Edinburgh’s Royal Botanic Garden was established in 1670—that’s an impressively long time ago, when Charles II was King of England, Scotland, and Ireland, just after the short period during which England had no monarchy.
King Charles II was known for his love of art and sciences so it’s no wonder that a Royal Botanic Garden was established under his reign. What is so great is that we can still wander through this garden today.
Located just one mile north of Edinburgh’s city centre, it’s open every day, except December 25 and January 1, from 10am until 4pm in winter and 6pm in summer. Admission is free except to the glasshouses for which tickets can be booked online and all the money goes to research the gardens still carry out in botany and conservation. The glasshouses include the Tropical Palm House built in 1834, and the radically designed modern glasshouses which date from 1967 including The Plants and People house with its giant water lilies, bananas, sugar, and other tropical food plants. There are over 25 glasshouses total.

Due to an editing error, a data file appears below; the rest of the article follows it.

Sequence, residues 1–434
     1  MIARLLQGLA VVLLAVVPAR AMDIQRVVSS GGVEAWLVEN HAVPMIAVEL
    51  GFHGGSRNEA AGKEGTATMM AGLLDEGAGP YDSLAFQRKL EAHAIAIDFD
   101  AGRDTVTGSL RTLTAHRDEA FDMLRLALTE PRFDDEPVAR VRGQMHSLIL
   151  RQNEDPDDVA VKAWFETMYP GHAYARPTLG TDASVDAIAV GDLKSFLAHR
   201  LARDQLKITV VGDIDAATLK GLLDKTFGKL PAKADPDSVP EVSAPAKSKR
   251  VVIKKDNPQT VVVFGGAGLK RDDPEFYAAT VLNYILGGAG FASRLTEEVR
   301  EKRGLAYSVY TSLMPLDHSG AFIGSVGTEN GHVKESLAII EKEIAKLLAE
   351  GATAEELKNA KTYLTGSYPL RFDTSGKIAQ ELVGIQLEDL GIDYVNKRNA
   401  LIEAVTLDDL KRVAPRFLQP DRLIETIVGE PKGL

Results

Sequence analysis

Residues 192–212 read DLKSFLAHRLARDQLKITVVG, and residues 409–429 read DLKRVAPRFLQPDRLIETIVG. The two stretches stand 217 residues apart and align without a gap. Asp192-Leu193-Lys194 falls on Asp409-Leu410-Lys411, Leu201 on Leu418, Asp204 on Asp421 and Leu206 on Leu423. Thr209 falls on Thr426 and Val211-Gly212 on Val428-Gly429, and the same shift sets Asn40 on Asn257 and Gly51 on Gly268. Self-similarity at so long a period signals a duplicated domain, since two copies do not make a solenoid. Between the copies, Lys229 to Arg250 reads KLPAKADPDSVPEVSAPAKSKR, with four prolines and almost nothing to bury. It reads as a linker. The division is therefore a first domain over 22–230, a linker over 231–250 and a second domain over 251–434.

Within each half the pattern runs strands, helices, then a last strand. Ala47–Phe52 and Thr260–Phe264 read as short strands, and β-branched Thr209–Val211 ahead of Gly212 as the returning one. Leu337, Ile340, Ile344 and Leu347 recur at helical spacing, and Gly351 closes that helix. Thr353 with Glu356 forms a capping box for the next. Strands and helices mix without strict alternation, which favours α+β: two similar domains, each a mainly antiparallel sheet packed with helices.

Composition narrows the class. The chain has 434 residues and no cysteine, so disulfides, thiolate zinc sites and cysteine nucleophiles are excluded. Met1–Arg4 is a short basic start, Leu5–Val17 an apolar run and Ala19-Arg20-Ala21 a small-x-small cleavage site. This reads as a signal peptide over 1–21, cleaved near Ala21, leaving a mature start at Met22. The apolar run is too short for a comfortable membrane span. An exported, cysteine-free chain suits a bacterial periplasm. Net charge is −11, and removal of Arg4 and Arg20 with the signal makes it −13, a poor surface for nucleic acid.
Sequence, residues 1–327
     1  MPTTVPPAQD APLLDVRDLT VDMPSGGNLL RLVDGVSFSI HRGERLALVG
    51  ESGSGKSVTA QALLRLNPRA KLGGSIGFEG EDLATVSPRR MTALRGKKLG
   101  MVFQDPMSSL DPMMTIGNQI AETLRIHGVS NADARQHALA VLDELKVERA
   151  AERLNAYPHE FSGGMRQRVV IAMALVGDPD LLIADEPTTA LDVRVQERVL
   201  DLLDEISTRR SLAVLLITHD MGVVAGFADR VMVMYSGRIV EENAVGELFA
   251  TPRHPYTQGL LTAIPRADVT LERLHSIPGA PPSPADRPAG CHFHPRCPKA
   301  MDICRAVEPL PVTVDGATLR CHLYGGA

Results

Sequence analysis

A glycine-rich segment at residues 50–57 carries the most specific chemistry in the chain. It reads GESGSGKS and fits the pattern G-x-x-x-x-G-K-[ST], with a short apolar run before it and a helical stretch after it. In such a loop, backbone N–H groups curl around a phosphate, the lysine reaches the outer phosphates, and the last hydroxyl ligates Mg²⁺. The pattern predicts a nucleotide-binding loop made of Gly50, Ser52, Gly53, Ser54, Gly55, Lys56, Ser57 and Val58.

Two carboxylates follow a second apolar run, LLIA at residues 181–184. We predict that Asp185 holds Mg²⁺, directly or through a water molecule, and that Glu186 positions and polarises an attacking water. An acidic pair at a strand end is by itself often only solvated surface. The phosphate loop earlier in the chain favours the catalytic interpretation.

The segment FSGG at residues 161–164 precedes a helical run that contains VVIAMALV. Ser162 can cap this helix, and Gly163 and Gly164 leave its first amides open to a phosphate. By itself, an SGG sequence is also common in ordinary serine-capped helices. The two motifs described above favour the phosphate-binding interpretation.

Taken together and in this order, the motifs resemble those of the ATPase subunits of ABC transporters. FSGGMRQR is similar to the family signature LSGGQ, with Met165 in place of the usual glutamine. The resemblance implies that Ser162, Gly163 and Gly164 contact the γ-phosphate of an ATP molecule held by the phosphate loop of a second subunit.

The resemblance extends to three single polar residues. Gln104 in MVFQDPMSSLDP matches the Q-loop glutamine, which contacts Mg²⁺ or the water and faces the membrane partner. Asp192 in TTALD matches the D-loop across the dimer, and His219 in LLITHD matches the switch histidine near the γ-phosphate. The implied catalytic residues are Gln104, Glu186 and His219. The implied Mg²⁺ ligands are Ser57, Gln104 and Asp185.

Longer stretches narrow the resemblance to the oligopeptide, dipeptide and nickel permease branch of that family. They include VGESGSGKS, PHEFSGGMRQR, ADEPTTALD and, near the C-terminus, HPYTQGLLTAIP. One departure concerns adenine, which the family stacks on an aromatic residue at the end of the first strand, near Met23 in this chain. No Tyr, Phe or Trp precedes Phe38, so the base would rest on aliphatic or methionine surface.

Naturally the gardens are at their most colorful in spring when the rhododendrons bloom, followed by the lilacs. The woodland areas burst into color too and The Alpine House bursts with delicate flowers.
There are daily guided tours between April and October at 11am and 2pm. These leave from the John Hope Gateway and you can buy tickets in the Botanics Shop or at the East Gate or the Palm House. The John Hope Gateway has a new diversity and information center so it’s a good place to start your visit and pick up maps and information about the gardens.
The gardens also have good places to eat with The Gateway Restaurant, the East Gate Coffee Bar and the Terrace Café which has great views over the city skyline of Edinburgh. Or you can just bring a picnic and stroll through the lovely gardens until you find the perfect spot to sit and enjoy nature, just at King Charles II may have done, over three hundred years ago.